The Good News About EPIC Fails? They’re the Most Valuable Kind.
You hear the phrase “epic fail” tossed around pretty casually these days. Especially on the internet. Someone splits their pants seam or walks into a plate glass window with a tray of drinks: it’s an EPIC fail. Most of the time, the things we call epic fails aren’t really failures at all. They’re just accidents. And there’s not a whole lot to be learned from them. When I talk about epic fails—I define the term a bit differently. In fact, my definition might surprise you. For me, an epic fail doesn’t have to be epic in scope. It doesn’t have to be witnessed by millions—or even tens—of people. It doesn’t even have to be a blip on anyone else’s radar. For me, an epic failure is one of significant impact that is also profoundly personal.
I’ll define it this way:
An E.P.I.C. fail is Emotional, Personal, Insistent, and ultimately—if you play your cards right-- a Course Corrector. What do I mean by that? Let’s break it down.
Emotional. An E.P.I.C. failure is emotional in that you feel it deeply, every time it comes to mind. I’ve heard that feeling referred to as “the cringe factor.” No matter how far away you get from an E.P.I.C. fail, you can easily call up the feeling of that moment, not to mention where you were standing, what you were wearing, and who was there to bear witness.
Personal. Why are these failures so emotional? Because they’re personal. It wasn’t “the stars” that failed to align; it was you. You failed to align with the person you know you’re capable of being.
Insistent. Now here’s the twist. An E.P.I.C. failure is never just water under the bridge. You may get over it (and I strongly encourage you to do so), but you’ll never forget it. And that’s because E.P.I.C. failures are also epic teachers. And epic teachers never give up on you. An E.P.I.C. fail will hunt you down and hassle you until you decide to do something about it. And even then, it stays with you, to make sure you never repeat the same mistake twice.
Course Correctors. We dread epic failures, but there’s really no way to avoid them. They’re going to happen, so your best bet is to take what they have to offer: an opportunity to course correct. Because E.P.I.C. failures are so emotional, personal, and insistent, they come charged with a special power that can alter the course of your career for the better.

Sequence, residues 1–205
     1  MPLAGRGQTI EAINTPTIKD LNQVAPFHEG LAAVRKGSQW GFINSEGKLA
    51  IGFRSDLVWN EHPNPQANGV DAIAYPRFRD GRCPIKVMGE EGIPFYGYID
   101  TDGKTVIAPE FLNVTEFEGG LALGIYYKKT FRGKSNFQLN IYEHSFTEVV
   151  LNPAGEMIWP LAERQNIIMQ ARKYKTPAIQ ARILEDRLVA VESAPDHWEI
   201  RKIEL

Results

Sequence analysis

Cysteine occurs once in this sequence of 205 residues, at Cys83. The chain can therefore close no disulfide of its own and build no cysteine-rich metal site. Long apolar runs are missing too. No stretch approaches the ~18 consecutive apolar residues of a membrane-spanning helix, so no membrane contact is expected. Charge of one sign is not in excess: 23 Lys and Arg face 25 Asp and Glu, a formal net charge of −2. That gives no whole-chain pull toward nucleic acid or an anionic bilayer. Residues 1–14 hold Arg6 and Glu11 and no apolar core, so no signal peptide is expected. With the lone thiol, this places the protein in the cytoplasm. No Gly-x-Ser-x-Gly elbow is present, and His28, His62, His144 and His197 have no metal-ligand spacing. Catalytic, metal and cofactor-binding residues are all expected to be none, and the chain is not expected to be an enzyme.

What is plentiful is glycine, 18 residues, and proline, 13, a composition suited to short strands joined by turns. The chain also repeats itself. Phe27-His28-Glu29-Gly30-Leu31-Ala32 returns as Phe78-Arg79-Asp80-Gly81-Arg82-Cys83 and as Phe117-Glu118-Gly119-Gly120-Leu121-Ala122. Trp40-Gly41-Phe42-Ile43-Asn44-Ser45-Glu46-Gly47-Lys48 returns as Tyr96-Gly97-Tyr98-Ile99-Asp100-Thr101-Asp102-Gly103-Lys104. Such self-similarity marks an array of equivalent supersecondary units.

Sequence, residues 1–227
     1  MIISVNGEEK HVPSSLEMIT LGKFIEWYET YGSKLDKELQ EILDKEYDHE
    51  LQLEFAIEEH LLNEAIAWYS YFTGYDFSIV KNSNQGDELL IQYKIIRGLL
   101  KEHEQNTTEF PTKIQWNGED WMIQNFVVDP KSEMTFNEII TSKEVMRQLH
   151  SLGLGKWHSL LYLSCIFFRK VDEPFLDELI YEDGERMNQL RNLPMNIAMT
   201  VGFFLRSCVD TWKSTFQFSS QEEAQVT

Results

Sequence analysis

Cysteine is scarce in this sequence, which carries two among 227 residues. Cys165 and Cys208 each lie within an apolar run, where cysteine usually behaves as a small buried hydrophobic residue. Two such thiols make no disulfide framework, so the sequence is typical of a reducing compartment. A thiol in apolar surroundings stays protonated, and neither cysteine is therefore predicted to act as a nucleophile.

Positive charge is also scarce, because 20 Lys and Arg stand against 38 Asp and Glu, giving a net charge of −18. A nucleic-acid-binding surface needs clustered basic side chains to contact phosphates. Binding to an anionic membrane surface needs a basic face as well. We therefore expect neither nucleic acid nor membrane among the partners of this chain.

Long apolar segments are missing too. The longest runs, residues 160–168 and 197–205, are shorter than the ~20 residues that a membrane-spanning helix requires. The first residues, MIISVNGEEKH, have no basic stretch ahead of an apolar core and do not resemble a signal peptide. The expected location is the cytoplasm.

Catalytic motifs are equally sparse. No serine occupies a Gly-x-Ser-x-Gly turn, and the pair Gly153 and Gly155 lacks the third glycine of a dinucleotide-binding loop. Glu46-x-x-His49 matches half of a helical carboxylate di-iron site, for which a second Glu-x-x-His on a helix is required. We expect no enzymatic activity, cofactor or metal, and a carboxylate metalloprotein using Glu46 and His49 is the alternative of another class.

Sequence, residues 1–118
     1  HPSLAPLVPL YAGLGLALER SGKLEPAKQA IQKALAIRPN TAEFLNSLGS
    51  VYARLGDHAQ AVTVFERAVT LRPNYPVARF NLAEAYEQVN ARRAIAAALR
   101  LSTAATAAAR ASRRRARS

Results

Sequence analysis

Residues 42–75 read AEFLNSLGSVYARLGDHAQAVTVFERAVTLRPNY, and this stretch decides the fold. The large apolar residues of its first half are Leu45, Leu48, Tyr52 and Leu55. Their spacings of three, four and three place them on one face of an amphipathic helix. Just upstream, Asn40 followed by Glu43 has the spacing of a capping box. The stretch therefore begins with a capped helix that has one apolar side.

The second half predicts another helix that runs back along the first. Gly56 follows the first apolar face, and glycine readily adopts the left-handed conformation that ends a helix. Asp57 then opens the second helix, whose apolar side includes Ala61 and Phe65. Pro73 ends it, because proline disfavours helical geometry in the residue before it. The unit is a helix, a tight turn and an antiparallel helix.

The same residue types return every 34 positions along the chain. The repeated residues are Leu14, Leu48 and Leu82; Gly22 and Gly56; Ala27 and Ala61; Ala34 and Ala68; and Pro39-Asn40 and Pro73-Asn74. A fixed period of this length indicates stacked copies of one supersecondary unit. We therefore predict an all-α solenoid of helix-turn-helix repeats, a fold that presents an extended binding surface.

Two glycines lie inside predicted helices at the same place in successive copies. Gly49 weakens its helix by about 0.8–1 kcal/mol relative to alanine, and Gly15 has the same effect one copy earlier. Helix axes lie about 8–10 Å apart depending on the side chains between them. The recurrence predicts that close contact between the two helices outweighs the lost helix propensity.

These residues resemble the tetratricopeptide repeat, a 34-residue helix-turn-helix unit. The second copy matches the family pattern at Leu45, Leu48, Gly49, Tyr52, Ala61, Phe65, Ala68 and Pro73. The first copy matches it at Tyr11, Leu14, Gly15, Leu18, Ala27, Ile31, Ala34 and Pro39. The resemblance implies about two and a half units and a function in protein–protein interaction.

Early in my career, when I was working for an ad agency, I managed the Frito-Lay account. At the year-end meeting, all of us account leaders had to get up in front of the entire agency—about 500 people—and report on what we’d accomplished. I was terrible. Just a mess. I looked awkward and sounded uncomfortable, punctuating my speech with “ums” and “you knows.” The more nervous I sounded, the more nervous I got, and the more nervous I got, the more nervous I sounded. It was a classic nightmare feedback loop, where the only good news was that I was wearing pants. I had planned to go into that room and dazzle everyone. I had good results to share. I wanted them to see what an effective job I’d been doing. And due to my lack of experience with public speaking and a wicked case of nerves, I bombed. It was a fail.
Was it emotional? You bet. Was it personal? Completely. The colossal distance between the David at the podium and the David I was in my own mind stung and wouldn’t stop stinging. There was a great public speaker inside of me. I was convinced of that. And this E.P.I.C. failure is what prompted me to draw him out. But not before I developed a powerful fear of presenting. Every time I had to speak to a group, that first presentation came back to haunt me, and I’d panic about becoming that doddering David all over again. It was a clue. It was a voice inside me insisting that this was not the person I wanted to be. I found a communications coach and practiced, practiced, practiced until confidence and composure came naturally. And without that E.P.I.C. fail I doubt I would have course corrected as deliberately, to become the motivational speaker I am today.
I’ve had a long career, with many successes—and many failures along the way. Failure to make the best decision. Failure to consider what might go wrong. Failure to listen to people who knew better than me. Some of those failures were big, but by my definition, they were not epic. They changed the way I work, but they didn’t necessarily change the course of my career or my life. E.P.I.C. fails are not just a call to action—they’re a call to action in service to your higher self. And that makes them extremely valuable.
The E.P.I.C. Takeaway
How do you recognize an E.P.I.C. failure and capitalize on its course-correcting potential?
Here’s a quick checklist:
1. Do you feel particularly emotional about the failure—not just a little disappointed, but really knocked sideways? Almost confused about how it could have happened? That’s a cue to look closer.
2. When you think back on the failure, do you find yourself saying things like, “that was so unlike me” or “that’s not who I am?” That means the failure was personal. In other words, it was a failure to be the person you believe you are.
3. Is the failure unforgettable? Highly specific and way too easily relieved? Hassling you to just handle it, already?
Congratulations. It’s time to course correct.
Now, don’t worry if you don’t heed the call the first time—these failures aren’t afraid to say, hey buddy, remember me? They know you have work to do. And they also know that when you finally do that work, the result is going to be epic.
Can you identify an E.P.I.C. fail that’s changed the course of your career? Or maybe there’s one you haven’t addressed yet. I’d love to hear your experience in the comments.
February 8, 2022